Set WiFi up securely

On December 31, 2011, in InfoSec, by ggwalker

No security measure guarantees that you are immune from hackers, but what follows is a best-practice set-up for WiFi that should offer reasonable protection.  Basically, you want to change the default name and password, and you need to add encryption to prevent the general public from jumping on your network to steal your information or use your connection for nefarious deeds.

I plugged in an old WiFi access point (AP) and did a complete reset to factory settings.  Looking at this back of the AP, I see that the default access address is http://192.168.0.227, default user is “admin” and default password is “password”. This information is freely available on the internet as well, so we will want to change this password as we configure the AP.

Entering http://192.168.0.227 into a browser and using the default credentials above, I am now able to set the AP up for home use. Every brand and model is different, so instead of a complete walkthrough, I will instead point out the default settings that you definitely ant to turn off.

First off, now that you know that everybody on the internet knows your default password, let’s change it. Most APs and routers will differentiate between LAN settings, WiFi settings, and Security settings

Management:

  • Change the password, use a secure password and keep it somewhere safe .
  • If you have the option, it is always safer to turn off the ability to manage remotely from the Internet or over WiFi… better to restrict configuration to a computer directly attached to the device.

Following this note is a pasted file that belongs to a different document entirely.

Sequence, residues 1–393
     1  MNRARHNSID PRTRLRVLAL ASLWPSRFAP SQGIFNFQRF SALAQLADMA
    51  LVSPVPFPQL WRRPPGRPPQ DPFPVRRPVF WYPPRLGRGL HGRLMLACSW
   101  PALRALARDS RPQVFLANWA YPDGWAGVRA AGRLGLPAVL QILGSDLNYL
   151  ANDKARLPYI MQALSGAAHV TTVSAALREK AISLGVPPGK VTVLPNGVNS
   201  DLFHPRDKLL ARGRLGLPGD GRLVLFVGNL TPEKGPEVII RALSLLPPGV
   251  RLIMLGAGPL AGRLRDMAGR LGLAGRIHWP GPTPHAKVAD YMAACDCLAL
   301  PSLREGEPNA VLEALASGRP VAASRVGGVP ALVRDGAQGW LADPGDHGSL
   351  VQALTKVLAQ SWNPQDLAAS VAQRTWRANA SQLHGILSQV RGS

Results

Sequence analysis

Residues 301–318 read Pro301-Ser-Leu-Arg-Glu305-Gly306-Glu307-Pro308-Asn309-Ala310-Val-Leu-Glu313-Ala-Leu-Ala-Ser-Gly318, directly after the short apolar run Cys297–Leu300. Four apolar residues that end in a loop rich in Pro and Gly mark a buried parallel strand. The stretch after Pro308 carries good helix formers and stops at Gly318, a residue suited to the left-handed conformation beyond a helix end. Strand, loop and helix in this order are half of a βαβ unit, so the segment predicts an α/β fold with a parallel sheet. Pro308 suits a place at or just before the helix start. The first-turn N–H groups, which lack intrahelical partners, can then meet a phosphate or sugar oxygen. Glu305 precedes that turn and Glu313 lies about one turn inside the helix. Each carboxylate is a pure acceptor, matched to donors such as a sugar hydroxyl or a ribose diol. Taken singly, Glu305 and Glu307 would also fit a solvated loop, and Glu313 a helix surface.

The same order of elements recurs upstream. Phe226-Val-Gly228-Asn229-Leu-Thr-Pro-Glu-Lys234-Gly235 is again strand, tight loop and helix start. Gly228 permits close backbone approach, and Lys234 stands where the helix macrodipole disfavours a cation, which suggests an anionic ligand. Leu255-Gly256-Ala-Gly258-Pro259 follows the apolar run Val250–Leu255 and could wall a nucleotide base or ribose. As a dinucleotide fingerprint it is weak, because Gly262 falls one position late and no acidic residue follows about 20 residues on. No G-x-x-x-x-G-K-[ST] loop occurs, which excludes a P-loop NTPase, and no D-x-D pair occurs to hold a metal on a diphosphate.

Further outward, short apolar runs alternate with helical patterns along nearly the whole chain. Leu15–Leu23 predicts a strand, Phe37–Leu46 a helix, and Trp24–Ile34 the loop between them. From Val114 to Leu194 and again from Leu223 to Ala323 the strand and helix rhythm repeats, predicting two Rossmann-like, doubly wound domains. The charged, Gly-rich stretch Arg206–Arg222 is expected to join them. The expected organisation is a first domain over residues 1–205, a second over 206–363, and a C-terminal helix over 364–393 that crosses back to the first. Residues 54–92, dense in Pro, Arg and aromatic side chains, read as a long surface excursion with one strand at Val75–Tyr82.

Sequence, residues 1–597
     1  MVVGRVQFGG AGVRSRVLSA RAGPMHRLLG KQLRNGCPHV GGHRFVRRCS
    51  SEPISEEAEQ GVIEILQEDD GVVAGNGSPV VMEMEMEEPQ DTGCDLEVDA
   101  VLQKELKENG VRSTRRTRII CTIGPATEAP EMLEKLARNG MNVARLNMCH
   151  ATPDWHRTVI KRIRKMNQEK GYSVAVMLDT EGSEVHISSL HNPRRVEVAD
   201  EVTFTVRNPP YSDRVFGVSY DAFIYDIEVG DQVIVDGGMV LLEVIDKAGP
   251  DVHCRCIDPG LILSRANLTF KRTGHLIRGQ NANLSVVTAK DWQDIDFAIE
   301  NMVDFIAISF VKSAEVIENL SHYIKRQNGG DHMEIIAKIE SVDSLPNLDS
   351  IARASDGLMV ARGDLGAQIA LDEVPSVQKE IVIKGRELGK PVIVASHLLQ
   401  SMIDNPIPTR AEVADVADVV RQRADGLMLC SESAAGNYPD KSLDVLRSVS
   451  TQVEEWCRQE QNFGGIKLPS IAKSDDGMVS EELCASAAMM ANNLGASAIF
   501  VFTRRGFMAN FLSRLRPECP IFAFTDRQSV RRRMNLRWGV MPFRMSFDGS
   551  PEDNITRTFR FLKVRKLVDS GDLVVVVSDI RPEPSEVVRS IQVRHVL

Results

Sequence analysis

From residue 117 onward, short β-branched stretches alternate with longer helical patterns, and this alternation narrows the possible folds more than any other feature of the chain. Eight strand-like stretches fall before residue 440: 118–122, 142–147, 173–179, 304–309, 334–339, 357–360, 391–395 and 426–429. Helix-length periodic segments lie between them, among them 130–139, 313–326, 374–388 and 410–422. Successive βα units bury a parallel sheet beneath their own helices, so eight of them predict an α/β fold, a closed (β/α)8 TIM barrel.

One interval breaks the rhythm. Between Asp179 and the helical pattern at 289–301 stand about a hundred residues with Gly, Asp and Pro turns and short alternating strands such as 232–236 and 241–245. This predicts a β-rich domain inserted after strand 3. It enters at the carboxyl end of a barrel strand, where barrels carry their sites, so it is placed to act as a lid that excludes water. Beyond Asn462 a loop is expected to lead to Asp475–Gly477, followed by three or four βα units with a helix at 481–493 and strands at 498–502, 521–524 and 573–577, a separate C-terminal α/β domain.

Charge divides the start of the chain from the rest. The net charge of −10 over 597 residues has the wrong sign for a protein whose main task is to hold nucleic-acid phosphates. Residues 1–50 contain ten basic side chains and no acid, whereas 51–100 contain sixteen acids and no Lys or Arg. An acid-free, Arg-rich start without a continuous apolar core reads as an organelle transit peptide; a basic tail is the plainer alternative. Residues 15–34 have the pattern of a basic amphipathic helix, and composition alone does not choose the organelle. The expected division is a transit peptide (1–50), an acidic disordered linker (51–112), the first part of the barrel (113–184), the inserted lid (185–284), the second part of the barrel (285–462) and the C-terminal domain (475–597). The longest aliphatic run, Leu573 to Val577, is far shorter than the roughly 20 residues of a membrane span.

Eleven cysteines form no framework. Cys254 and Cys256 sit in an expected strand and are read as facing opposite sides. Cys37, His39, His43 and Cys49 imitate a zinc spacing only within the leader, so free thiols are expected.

WiFi Settings:

  • AP name or network name: Change from default, which advertises what brand of AP’s vulnerabilities an attacker should try first.
  • Also, I disable SSID broadcast so that you have to already know the name of the network to connect instead of advertising to your neighbors

Security:

  • Turn off Wi-Fi Protected Setup
  • Select WPA2 Security.  WEP and WPA may be options, but both are considered to be outdated and insecure
  • I prefer AES as an encryption key, but as long as you pick a key, which one is not that important for home and small business use.
  • Choose a secure password and write down the password and settings

As you become more comfortable with the technology, you can dig deeper into the manual to find ways to enhance your security. I also use MAC address filters and tweak a few other settings, but the base changes here should be a good start and make you reasonable secure.

 

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